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Guide Review - Bruce Brothers Fishing Charter

In recent years, there has been an increase of interest in deep sea fishing on the east coast, and in particular fishing for Bluefin Tuna. Those who have seen the television show, “Wicked Tuna,” realize what an enormous fish these are, and how much of a fight they put up. In our area of the world, the resident tuna are Atlantic Bluefin, and they are respected as one of the ultimate challenges and experiences. This is a bucket list fishing trip for many people throughout the world. These fish can often be over 1,000 pounds or more, and once one is hooked it can take well over an hour to bring them in to the boat!

In September of 2016 we decided it was time for us to give it a try, and we chartered a trip with the Bruce Brothers in North Lake, Prince Edward Island. Bruce Brothers is a family-run charter that is in their fifth generation of fishermen, and fishing is in their blood. The picturesque North Lake, PE offers something most tuna charters cannot: the chance to fish for these monsters within an hour of shore or sometimes much closer. In most other areas of the east coast, charters need to go hours offshore to have a chance at tuna. In North Lake, everything is extremely close to shore.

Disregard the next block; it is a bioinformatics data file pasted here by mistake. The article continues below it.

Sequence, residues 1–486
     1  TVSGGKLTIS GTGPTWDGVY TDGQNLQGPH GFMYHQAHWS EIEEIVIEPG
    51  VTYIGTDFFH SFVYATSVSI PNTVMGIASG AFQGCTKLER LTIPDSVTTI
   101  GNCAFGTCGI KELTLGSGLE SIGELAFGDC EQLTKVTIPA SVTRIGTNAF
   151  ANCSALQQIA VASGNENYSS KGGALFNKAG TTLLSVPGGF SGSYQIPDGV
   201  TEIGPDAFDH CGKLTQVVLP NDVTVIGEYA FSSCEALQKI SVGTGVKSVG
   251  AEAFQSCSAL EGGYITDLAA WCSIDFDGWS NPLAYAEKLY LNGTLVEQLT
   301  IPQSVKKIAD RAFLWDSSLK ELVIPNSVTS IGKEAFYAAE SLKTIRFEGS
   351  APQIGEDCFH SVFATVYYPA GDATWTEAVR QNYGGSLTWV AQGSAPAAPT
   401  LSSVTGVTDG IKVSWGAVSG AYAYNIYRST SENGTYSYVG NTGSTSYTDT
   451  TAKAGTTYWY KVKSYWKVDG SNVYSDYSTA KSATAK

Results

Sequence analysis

Co-owner Jamie Bruce would be our captain for this voyage, and he shared an interview en route with us about the fishery, the future, and the challenges they face. In addition to my brother and I, we also had my son and wife on board and a friend that we often fish/hunt with (Gordie). The crew for our day would consist of Jamie as captain, and his first mate Blair, himself a multi-generational fisherman as well. The Bruce Brothers charter is one of the largest in the area, running four boats and booking nearly solid every day during the Bluefin season which runs from July to the end of October each year.

A great conversation with Jamie is guaranteed

As we set off that morning, one glance at the equipment they used gave us an appreciation for the fight we were in for should we hook into one of these enormous fish. The fishing had been quite steady throughout the previous week before our trip, and we had great expectations! The annual “Tuna Cup” had been contested on the weekend prior to our trip, and results were solid (Captain Jamie Bruce tied for first place in the tournament this year). However a storm had blown in the day after the competition and they cautioned us that we should find out soon enough how the conditions previous would affect our day.